## Unit 1

**5.OA.3**Analyze patterns and relationships. Generate two numerical patterns using two given rules. Identify apparent relationships between corresponding terms. For example, given the rule "Add 3" and the starting number 0 and given the rule "Add 6" and the starting number 0, generate terms in the resulting sequences, and observe that the terms in one sequence are twice the corresponding terms in the other sequence. Explain informally why this is so.

**5.NBT.1**Recognize that in a multi-digit number, a digit in one place represents 10 times as much as it represents in the place to its right and 1/10 of what it represents in the place to its left.

**5.NBT.5**Fluently multiply multi-digit whole numbers using the standard algorithm.

## Unit 2

**5.NBT.5**Fluently multiply multi-digit whole numbers using the standard algorithm.

**5.NF.B.5a**

**I**nterpret multiplication as scaling (resizing), by: Comparing the size of a product to the size of one factor on the basis of the size of the other factor, without performing the indicated multiplication.

**5.OA.1**Use parentheses, brackets, or braces in numerical expressions, and evaluate expressions with these symbols.

## Unit 3

**5.NBT.3**Read, write, and compare decimals to thousandths.

**5.NBT.4**Use place value understanding to round decimals to any place.

**5.NF.1**Add and subtract fractions with unlike denominators (including mixed numbers) by replacing given fractions with equivalent fractions in such a way as to produce an equivalent sum or difference of fractions with like denominators. For example, 2/3 + 5/4 = 8/12 + 15/12 = 23/12. (In general, a/b + c/d = (ad + bc)/bd.)

## Unit 4

**5.NF.3**Interpret a fraction as division of the numerator by the denominator (a/b = a ÷ b). Solve word problems involving division of whole numbers leading to answers in the form of fractions or mixed numbers, e.g., by using visual fraction models or equations to represent the problem. For example, interpret 3/4 as the result of dividing 3 by 4, noting that 3/4 multiplied by 4 equals 3, and that when 3 wholes are shared equally among 4 people each person has a share of size 3/4. If 9 people want to share a 50-pound sack of rice equally by weight, how many pounds of rice should each person get? Between what two whole numbers does your answer lie?

**5.NF.4a**Interpret the product (a/b) × q as a parts of a partition of q into b equal parts; equivalently, as the result of a sequence of operations a × q ÷ b. For example, use a visual fraction model to show (2/3) × 4 = 8/3, and create a story context for this equation. Do the same with (2/3) × (4/5) = 8/15. (In general, (a/b) × (c/d) = ac/bd.)

**5.NF.5b**Explaining why multiplying a given number by a fraction greater than 1 results in a product greater than the given number (recognizing multiplication by whole numbers greater than 1 as a familiar case); explaining why multiplying a given number by a fraction less than 1 results in a product smaller than the given number; and relating the principle of fraction equivalence a/b = (n × a)/(n × b) to the effect of multiplying a/b by 1.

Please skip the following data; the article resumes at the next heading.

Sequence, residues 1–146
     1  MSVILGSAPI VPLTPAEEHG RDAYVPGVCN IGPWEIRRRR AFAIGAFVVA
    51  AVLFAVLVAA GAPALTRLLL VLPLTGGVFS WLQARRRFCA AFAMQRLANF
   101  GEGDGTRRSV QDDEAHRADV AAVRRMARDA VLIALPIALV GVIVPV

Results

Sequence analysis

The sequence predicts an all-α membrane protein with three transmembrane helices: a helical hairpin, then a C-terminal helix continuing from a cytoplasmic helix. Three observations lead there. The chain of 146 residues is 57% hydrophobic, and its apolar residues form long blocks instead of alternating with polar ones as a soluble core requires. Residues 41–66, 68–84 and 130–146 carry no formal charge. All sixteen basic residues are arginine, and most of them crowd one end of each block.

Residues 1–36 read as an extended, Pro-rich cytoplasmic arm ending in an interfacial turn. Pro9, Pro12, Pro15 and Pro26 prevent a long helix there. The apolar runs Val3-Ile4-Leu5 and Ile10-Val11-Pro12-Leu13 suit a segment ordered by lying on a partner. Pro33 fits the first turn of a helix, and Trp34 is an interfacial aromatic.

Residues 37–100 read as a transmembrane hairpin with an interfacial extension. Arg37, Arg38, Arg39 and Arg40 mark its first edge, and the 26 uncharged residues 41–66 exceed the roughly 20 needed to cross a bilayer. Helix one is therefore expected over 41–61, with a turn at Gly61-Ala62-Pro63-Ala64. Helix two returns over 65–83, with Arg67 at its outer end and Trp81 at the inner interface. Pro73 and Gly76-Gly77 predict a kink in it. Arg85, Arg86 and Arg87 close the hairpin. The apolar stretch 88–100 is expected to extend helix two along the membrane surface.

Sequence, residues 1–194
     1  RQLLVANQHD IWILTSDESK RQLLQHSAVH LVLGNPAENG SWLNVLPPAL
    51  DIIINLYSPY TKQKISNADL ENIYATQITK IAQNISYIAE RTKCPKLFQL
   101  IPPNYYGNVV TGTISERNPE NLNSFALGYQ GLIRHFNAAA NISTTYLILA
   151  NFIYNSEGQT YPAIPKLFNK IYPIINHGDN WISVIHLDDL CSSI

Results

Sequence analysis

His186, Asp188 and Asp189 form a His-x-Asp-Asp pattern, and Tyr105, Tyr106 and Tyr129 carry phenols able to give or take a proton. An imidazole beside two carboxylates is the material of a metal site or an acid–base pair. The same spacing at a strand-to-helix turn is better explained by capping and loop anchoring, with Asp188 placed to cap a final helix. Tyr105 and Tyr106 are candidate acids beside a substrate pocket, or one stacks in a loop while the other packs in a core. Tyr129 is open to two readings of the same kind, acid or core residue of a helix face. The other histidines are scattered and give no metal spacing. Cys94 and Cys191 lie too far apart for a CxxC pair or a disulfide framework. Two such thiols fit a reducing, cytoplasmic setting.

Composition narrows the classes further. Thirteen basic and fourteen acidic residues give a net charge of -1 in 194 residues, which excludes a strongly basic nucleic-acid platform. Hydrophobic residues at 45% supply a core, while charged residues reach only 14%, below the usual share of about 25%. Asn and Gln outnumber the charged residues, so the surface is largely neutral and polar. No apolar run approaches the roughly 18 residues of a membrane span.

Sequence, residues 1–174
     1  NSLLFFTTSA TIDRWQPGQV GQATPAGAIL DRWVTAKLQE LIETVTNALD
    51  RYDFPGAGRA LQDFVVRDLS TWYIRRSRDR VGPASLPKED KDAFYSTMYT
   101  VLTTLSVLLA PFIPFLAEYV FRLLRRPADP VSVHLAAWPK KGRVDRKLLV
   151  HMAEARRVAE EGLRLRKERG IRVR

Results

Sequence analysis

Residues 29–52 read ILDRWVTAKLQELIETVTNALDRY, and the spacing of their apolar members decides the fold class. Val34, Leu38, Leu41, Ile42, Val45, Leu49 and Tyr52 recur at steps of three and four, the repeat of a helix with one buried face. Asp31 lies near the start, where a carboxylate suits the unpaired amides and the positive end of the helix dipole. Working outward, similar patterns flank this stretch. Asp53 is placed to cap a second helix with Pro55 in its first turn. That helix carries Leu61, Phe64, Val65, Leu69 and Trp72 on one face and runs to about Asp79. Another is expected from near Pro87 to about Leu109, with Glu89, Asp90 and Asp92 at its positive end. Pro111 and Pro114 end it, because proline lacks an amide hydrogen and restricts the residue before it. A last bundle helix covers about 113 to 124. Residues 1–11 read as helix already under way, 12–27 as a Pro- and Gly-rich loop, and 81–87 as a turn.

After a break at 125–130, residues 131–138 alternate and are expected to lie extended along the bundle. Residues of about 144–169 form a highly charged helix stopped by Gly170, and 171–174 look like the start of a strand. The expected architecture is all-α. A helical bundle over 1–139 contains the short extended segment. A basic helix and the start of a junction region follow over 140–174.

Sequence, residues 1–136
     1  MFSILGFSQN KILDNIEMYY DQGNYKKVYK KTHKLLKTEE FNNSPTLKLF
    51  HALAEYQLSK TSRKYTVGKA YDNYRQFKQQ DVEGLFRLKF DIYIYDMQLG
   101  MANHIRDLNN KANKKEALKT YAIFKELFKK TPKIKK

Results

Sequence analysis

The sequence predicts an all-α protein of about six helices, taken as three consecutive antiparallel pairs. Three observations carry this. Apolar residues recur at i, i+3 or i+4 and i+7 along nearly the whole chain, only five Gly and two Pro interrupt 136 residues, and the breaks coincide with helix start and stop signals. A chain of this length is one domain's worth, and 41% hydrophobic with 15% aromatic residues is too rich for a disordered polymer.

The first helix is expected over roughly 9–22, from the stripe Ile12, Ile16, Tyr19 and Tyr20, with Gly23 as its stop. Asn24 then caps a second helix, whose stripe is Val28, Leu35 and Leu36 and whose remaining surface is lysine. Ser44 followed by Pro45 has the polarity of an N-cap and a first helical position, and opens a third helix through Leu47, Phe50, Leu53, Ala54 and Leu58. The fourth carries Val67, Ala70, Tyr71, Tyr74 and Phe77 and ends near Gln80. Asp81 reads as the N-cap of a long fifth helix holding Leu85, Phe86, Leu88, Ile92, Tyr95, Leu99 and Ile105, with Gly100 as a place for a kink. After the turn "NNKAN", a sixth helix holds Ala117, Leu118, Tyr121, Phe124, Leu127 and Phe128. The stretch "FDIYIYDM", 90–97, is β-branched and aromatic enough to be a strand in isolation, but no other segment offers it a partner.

**5.NF.4b**Find the area of a rectangle with fractional side lengths by tiling it with unit squares of the appropriate unit fraction side lengths, and show that the area is the same as would be found by multiplying the side lengths. Multiply fractional side lengths to find areas of rectangles, and represent fraction products as rectangular areas.

**5.NF.7a**Interpret division of a unit fraction by a non-zero whole number, and compute such quotients. For example, create a story context for (1/3) ÷ 4, and use a visual fraction model to show the quotient. Use the relationship between multiplication and division to explain that (1/3) ÷ 4 = 1/12 because (1/12) × 4 = 1/3.

**5.NF.7b**Interpret division of a whole number by a unit fraction, and compute such quotients. For example, create a story context for 4 ÷ (1/5), and use a visual fraction model to show the quotient. Use the relationship between multiplication and division to explain that 4 ÷ (1/5) = 20 because 20 × (1/5) = 4.

## Unit 5

**5. G.1**Use a pair of perpendicular number lines, called axes, to define a coordinate system, with the intersection of the lines (the origin) arranged to coincide with the 0 on each line and a given point in the plane located by using an ordered pair of numbers, called its coordinates. Understand that the first number indicates how far to travel from the origin in the direction of one axis, and the second number indicates how far to travel in the direction of the second axis, with the convention that the names of the two axes and the coordinates correspond (e.g., x-axis and x-coordinate, y-axis and y-coordinate).

## Unit 6

**5. MD.3a**A cube with side length 1 unit, called a “unit cube,” is said to have “one cubic unit” of volume, and can be used to measure volume.

**5. 3b**A solid figure which can be packed without gaps or overlaps using

*n*unit cubes is said to have a volume of

*n*cubic units.

**5. MD.4**Measure volumes by counting unit cubes, using cubic cm, cubic in, cubic ft, and improvised units.